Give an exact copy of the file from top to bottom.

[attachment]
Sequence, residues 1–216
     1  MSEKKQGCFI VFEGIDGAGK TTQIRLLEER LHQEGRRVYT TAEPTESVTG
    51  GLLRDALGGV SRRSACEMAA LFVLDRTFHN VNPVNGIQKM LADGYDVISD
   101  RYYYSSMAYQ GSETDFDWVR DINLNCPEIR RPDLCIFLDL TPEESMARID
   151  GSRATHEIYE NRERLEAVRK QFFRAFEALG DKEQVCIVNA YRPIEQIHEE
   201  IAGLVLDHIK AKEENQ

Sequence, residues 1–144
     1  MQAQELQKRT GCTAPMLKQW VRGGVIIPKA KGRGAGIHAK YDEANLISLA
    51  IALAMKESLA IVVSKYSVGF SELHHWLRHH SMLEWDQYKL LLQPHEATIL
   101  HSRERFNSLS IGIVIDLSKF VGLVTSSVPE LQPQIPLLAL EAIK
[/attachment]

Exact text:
Sequence, residues 1–216
     1  MSEKKQGCFI VFEGIDGAGK TTQIRLLEER LHQEGRRVYT TAEPTESVTG
    51  GLLRDALGGV SRRSACEMAA LFVLDRTFHN VNPVNGIQKM LADGYDVISD
   101  RYYYSSMAYQ GSETDFDWVR DINLNCPEIR RPDLCIFLDL TPEESMARID
   151  GSRATHEIYE NRERLEAVRK QFFRAFEALG DKEQVCIVNA YRPIEQIHEE
   201  IAGLVLDHIK AKEENQ

Sequence, residues 1–144
     1  MQAQELQKRT GCTAPMLKQW VRGGVIIPKA KGRGAGIHAK YDEANLISLA
    51  IALAMKESLA IVVSKYSVGF SELHHWLRHH SMLEWDQYKL LLQPHEATIL
   101  HSRERFNSLS IGIVIDLSKF VGLVTSSVPE LQPQIPLLAL EAIK